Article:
Metro Alum Profiled During the Chicago Community Trust's Centennial
The following article was published by the Chicago Community Trust, as part of their "Stories of Philanthropy" series.
Fifteen Years Later, a Dentist Supports the After-School Program That Supported Her
September 15, 2015
The Chicago Community Trust Staff
When Yaa Owusu participated in the Metro Achievement Center for girls program as a teenager, no one could have guessed how it would impact her life.
Metro, a program of the Midtown Educational Foundation, works with low-income Chicago girls in grades 4 through 12. The program offers academic support, skills building and extracurricular activities. Dr. Owusu was a Metro participant from 1996 to 2000.
“My parents enrolled me in the program the summer of my eighth grade year,” she says. “Metro provided after-school tutoring. We also had speakers, professional women, who motivated us and told us we could do things. That’s what inspired me to seek higher education and become a dentist.”
Today Dr. Owusu is a pediatric dentist—who still remembers Metro’s lessons on the importance of giving back.
“On Saturdays, we fed the homeless. We did Habitat for Humanity. This was stuff I was doing at 13 and 14,” Dr. Owusu says. “When you give back as a child, it’s a lot easier to do it as an adult.”
And give back she has: Dr. Owusu started volunteering with Metro in 2007, after she completed her master’s degree.
“I called and wanted to volunteer for the summer. They needed a math instructor. I spent the entire summer teaching these young ladies, in addition to working with Upward Bound teaching science.
Although Dr. Owusu’s current schedule doesn’t allow her to tutor anymore—in addition to running her practice, she’s also on the faculty at Marquette University—she finds ways to stay involved. She currently donates two iPads each year to Metro’s student reading program.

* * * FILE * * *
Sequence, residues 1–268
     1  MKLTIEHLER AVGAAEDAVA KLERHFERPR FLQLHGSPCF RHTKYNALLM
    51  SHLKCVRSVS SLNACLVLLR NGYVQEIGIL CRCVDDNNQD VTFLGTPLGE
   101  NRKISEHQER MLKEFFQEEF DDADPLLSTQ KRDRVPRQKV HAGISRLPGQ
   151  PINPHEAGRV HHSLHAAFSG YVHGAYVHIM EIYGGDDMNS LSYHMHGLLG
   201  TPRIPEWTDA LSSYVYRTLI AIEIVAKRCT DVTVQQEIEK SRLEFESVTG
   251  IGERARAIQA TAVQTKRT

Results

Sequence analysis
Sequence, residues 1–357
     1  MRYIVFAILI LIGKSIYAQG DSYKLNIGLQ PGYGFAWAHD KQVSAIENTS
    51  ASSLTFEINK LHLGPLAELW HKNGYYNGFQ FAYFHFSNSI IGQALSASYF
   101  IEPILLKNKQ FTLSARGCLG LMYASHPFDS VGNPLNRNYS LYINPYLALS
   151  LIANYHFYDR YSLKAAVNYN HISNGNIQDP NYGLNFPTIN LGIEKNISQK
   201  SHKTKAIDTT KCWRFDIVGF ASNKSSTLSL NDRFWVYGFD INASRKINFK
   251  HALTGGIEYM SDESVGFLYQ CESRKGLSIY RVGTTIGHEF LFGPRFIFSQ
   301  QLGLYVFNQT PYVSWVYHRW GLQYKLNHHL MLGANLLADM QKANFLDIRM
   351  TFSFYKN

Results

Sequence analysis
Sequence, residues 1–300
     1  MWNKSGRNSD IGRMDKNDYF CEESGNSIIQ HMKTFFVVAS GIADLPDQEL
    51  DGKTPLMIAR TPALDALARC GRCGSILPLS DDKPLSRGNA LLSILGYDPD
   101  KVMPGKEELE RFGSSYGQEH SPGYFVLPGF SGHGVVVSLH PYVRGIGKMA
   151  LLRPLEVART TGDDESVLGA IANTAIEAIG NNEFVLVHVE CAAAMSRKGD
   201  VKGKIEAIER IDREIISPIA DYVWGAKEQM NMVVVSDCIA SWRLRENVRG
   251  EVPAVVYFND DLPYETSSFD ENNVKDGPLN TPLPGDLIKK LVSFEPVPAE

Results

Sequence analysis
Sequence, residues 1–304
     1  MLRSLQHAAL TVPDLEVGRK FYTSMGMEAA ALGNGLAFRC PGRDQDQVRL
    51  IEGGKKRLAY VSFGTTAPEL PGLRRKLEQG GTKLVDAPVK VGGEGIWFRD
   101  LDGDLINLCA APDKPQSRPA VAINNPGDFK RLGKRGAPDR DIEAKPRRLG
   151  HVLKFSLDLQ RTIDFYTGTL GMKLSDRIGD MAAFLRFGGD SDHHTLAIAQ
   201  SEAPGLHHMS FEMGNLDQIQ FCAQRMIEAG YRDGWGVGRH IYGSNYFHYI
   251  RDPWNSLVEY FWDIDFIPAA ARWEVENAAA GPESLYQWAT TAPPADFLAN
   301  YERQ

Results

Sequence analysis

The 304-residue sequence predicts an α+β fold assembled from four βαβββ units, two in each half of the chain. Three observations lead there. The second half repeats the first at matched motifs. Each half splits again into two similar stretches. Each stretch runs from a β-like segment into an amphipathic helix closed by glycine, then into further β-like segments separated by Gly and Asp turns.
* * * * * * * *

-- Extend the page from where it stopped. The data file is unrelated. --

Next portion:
“Students who read the most get this prize. I thought: I can’t give my time, but I want to give something to these young ladies. I feel like it’s my obligation. I’ve had professional women give back to me and I want to give back to young women. Many of these girls are minorities; some come from a disadvantaged background. And while I didn’t grow up low-income, I am a first-generation college graduate. My first cousins and I didn’t come from a background where our parents knew how to lead or guide us toward college. I see that same lack of guidance in a lot of the young women in the program.”
Owusu also spends a lot of time working to raise the profile of Metro and similar programs so they can increase their reach.
“If we have more programs like Metro available in vulnerable communities, we keep kids off the street, keep them involved,” she says. “The programs also need to have multiple sites. Transportation is an issue with low-income students. With just one location, a lot of students can’t get there. It’s similar to the issues we face with access to care. If families can’t get to the office, they don’t get care.”
Even though she has a demanding schedule, Owusu hopes to grow her contribution to the organization as her practice grows. She encourages others to volunteer in their communities, stressing that “No amount of time is too little, no monetary contribution is too small.”
Dr. Owusu says even college students can reach back to help younger people in their neighborhood.
“While they’re at school, they could host college visits. That would be helpful,” she says. “Or volunteer to read personal statements, or talk about the college experience, about the first year on campus. That doesn’t take much time, but can make a real difference.”